The Contraception Mandate and Religious Liberty
On Feb. 1, 2013, the Department of Health and Human Services (HHS) proposed new rules that would exempt certain religious organizations from a new mandate to offer free contraception services to women employees.
As More Countries Regulate Wearing of Religious Symbols, European Court Decides Two UK Cases
The European Court of Human Rights today announced decisions on several high profile religious freedom cases involving the wearing of religious symbols. A recent study by the Pew Research Center’s Forum on Religion & Public Life found that regulation of religious attire has increased around the world.
The Global Religious Landscape
A comprehensive demographic study of more than 230 countries and territories estimates that 84% of the 2010 world population of 6.9 billion is religiously affiliated.
America’s ‘Mormon Moment’ is Over, and Public Opinion is Little Changed
Eight-in-ten Americans (82%) say they learned little or nothing about the Mormon religion during the presidential campaign. Three-in-ten Americans continue to consider the Mormon religion a non-Christian faith, though there appears to be some warming of attitudes toward Mormonism.
White Evangelical Voters Supported Romney
White evangelical Protestants voted as heavily for Republican candidate Mitt Romney as they did for the GOP candidates in 2008 and 2004, and they made up about the same share of the electorate as they did in the two previous elections.
Gay Marriage and Public Opinion
The Supreme Court decided Friday to review two same-sex marriage cases. Our research package examines public opinion and religious groups’ views on the issue over time, as well as legal angles.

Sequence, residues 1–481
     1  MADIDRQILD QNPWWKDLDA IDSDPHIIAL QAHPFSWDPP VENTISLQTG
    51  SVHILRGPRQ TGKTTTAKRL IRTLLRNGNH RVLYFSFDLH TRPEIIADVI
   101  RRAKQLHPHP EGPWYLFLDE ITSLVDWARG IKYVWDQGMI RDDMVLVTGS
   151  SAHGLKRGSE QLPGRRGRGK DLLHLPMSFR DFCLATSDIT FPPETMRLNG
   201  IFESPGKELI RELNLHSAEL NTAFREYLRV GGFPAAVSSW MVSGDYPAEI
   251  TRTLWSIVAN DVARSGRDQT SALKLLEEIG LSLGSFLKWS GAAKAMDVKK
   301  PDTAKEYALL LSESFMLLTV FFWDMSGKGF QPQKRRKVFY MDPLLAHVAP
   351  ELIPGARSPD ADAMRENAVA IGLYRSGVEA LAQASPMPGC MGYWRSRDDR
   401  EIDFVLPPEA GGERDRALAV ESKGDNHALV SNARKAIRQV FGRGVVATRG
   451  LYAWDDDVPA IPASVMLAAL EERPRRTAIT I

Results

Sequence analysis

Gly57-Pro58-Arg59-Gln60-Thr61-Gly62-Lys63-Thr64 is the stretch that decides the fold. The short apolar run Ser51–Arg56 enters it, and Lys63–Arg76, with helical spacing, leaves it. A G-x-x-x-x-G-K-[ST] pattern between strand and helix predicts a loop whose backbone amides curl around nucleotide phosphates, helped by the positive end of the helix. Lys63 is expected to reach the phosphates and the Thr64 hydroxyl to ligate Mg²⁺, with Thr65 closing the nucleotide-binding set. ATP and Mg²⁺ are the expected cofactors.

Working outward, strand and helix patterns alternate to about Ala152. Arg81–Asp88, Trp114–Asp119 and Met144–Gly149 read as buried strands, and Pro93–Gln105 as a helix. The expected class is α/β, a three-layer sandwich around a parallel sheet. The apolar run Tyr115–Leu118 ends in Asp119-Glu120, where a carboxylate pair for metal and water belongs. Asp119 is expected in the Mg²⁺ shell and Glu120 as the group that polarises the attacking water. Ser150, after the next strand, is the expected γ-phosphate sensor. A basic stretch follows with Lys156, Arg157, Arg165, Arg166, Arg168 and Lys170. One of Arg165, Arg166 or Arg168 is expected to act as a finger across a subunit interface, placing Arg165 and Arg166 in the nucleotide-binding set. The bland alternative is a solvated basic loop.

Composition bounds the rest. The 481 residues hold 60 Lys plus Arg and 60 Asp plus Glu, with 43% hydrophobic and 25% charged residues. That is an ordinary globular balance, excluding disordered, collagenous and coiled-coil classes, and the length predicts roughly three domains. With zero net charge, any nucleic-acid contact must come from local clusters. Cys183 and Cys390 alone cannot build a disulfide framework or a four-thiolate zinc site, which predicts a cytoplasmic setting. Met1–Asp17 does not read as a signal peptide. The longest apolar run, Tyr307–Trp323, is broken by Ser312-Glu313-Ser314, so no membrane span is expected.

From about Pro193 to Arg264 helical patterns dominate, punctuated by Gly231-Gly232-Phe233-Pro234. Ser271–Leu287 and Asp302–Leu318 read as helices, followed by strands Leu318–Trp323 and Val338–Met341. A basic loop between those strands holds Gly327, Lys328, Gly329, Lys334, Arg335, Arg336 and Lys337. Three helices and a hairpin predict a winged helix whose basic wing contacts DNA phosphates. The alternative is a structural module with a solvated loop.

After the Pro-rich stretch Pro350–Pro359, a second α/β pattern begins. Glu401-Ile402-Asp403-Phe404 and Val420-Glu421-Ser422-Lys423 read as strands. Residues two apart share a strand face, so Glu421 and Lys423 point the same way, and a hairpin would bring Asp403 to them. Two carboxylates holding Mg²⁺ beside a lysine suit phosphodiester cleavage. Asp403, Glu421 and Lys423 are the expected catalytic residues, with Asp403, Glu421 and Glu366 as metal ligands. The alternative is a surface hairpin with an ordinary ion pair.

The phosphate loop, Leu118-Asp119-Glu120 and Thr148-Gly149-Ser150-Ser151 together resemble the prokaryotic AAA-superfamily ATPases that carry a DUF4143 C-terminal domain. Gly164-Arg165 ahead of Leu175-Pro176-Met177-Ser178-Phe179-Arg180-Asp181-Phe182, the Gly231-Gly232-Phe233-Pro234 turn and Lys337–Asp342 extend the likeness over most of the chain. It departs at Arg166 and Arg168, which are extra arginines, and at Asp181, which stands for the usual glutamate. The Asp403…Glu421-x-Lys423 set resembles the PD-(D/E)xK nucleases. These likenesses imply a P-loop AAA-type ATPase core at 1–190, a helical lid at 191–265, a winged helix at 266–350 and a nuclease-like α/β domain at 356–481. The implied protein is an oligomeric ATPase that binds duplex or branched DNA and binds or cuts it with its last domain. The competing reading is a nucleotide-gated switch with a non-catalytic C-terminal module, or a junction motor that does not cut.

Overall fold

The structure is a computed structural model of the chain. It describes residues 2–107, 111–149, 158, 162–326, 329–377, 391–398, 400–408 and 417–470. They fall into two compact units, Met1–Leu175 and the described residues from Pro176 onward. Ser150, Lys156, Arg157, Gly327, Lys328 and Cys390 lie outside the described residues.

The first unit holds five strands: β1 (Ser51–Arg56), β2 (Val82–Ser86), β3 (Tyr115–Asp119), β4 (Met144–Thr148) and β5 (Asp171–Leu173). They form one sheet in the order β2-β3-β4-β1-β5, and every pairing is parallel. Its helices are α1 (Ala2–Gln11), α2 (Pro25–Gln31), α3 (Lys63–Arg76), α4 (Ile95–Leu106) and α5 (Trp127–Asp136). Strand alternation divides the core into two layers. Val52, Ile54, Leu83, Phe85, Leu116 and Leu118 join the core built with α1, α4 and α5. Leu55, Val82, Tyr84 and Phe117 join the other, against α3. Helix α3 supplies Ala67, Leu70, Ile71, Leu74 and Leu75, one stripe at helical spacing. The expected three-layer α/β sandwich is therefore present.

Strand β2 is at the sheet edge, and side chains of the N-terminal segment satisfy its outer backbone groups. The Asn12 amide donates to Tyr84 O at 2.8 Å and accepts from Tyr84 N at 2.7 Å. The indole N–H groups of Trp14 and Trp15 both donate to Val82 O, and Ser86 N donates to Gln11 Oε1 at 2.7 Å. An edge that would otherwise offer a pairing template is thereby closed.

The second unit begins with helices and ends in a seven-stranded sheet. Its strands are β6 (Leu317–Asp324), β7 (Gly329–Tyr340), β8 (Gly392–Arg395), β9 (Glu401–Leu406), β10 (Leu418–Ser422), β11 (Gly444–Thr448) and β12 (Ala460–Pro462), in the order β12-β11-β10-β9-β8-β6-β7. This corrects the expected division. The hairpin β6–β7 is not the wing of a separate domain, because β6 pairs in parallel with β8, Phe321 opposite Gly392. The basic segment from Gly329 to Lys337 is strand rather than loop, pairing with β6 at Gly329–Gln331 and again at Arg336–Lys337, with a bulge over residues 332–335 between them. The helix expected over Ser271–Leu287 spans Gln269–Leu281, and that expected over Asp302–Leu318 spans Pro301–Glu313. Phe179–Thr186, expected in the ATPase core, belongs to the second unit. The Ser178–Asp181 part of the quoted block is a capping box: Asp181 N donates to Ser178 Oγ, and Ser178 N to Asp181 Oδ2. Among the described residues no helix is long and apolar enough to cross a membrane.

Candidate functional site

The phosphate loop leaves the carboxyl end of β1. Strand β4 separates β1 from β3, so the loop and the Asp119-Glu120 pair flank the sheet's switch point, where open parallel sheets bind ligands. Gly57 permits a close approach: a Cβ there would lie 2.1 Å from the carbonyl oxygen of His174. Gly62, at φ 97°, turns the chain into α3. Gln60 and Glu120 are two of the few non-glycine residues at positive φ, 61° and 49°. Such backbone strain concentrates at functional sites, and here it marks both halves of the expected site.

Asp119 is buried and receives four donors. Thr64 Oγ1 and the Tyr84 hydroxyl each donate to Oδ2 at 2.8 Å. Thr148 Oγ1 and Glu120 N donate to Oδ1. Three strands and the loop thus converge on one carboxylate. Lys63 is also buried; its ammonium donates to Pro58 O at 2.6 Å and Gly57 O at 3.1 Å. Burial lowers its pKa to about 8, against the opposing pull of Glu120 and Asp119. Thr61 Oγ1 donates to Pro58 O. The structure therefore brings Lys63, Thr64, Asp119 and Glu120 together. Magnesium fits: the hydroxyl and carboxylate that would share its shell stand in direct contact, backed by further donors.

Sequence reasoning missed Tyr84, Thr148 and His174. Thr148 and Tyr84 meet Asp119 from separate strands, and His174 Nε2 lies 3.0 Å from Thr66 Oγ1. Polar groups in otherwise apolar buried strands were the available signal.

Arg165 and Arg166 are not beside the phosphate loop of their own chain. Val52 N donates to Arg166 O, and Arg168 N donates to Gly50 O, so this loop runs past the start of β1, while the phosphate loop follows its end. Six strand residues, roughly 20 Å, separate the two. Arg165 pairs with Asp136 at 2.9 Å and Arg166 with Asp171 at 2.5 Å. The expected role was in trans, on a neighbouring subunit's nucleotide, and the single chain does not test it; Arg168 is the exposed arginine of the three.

Many Countries Penalize Blasphemy, Apostasy and Defamation of Religion
As of 2011 nearly half of the countries and territories in the world (47%) have laws or policies that penalize blasphemy, apostasy or religious defamation.
Religious Makeup of the New Congress
The newly elected, 113th Congress includes the first Buddhist to serve in the Senate, the first Hindu and the first member of Congress to describe her religion as “none,” continuing a gradual increase in religious diversity that mirrors the country as a whole.
How the Faithful Voted: 2012 Preliminary Analysis
Obama’s margin of victory was much smaller than in 2008 and he lost ground among white evangelical Protestants and white Catholics. But the basic religious contours of the 2012 electorate resemble recent elections.
The Gay Marriage Debate: Where It Stands
In recent years, the debate over same-sex marriage has grown from an issue that occasionally arose in a few states to a nationwide controversy. A special report by the Pew Forum on Religion & Public Life describes the various dimensions of the controversy.